Means of yield and qualitative traits are assessed in multi-location tests in the final stages of breeding line evaluation. Due to large environmental variation and genotype x environment interactions, it is often desirable to compare stability of lines over a range of environments. The objective of this study was to use various stability parameters to try and determine the stability of experimental breeding lines. Using data from regional advanced peanut (Arachis hypogaea L.) breeding line yield trials conducted over 3 years and four locations in Virginia and North Carolina, the stability of peanut cultivars and breeding lines was compared. Stability variance was found to be highly correlated (0.91–1.00) with covariate adjusted stability variance. In many instances, the stability-variance parameters produced similar results to pairwise regressions and dissimilarity measures when compared with standard cultivars. However, the distance parameters and regressions provided more precise information on relative responses in varying environments of two advanced breeding lines being considered for release. This allowed for direct comparison to cultivars targetted for replacement. NC 18411 had equal mean yields and qualitative traits but better stability than breeding line NC 18423. Regression analysis indicated that NC 18423 performed best in good environments but worse than most other cultivars in poor environments. Means and stability of value per kilogram and value per hectare were highly correlated with percentage of sound mature kernels and yield (0.92–0.99), respectively. A comparison of means and stability parameters was effective in discerning superiority of peanut breeding lines for potential release and use by growers.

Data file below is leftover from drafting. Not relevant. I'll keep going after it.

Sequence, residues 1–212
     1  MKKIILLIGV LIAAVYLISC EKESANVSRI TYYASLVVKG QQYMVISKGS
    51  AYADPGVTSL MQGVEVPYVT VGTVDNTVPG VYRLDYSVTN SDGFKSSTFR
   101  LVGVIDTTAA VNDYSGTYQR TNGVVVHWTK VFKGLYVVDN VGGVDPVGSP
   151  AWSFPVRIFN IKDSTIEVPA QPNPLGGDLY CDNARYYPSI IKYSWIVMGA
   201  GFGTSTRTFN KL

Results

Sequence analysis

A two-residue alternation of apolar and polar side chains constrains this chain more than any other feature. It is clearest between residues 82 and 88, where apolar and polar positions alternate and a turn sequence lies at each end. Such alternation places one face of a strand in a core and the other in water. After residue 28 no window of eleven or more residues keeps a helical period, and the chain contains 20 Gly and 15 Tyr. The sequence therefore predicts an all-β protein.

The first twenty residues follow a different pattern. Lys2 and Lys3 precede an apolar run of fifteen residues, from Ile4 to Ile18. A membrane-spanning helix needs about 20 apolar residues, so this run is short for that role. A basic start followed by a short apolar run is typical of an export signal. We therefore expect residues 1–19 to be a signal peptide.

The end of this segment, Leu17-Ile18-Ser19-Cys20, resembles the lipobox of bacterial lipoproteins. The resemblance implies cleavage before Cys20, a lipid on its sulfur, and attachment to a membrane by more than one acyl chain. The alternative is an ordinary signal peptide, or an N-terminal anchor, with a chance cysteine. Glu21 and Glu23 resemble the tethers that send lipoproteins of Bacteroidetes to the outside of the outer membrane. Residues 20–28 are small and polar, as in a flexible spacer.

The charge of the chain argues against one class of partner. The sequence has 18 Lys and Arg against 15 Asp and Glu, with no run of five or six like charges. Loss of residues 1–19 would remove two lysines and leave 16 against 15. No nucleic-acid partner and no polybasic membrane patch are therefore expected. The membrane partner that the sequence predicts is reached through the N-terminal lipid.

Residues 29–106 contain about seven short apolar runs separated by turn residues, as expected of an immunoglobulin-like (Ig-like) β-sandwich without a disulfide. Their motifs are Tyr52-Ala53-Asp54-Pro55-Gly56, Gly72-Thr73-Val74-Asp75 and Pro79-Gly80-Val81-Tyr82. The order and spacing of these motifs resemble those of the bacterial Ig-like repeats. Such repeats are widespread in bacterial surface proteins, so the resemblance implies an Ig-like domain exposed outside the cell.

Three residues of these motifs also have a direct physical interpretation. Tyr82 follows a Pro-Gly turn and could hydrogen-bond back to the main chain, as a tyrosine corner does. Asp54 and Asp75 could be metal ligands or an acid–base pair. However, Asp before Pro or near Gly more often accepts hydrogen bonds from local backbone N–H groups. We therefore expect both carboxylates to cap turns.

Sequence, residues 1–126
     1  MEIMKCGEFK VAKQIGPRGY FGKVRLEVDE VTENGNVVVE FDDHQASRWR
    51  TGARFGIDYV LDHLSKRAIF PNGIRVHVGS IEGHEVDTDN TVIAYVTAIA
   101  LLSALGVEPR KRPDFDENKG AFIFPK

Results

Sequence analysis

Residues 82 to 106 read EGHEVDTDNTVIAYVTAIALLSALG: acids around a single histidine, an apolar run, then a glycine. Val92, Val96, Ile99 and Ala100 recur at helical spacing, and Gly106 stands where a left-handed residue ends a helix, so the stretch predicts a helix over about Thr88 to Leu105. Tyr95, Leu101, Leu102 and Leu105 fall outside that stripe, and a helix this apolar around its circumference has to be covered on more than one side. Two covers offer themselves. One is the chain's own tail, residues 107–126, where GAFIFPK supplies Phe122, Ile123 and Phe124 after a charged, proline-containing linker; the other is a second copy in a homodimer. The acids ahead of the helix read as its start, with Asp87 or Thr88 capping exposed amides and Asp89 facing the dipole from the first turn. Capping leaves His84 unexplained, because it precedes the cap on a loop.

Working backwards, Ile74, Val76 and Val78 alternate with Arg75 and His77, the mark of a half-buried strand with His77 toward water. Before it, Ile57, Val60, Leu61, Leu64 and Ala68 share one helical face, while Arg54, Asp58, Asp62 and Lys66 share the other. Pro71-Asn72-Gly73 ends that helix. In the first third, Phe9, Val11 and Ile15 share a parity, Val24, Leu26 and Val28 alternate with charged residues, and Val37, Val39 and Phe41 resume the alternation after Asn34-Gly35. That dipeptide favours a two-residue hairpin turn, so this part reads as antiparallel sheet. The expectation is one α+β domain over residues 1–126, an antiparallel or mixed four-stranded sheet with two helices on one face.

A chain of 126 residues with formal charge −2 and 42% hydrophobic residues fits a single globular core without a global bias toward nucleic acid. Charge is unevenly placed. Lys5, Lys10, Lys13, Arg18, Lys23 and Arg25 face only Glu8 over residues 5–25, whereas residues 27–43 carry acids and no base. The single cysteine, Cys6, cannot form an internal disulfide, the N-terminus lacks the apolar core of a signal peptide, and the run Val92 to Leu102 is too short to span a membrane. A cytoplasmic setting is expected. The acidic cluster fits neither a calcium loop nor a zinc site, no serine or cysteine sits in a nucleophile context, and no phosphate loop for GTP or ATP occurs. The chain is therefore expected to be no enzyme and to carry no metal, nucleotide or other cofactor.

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Author notes

1Paper no. 11885 of the Journal Series of the North Carolina Agricultural Research Service, Raleigh, NC 27695–7643.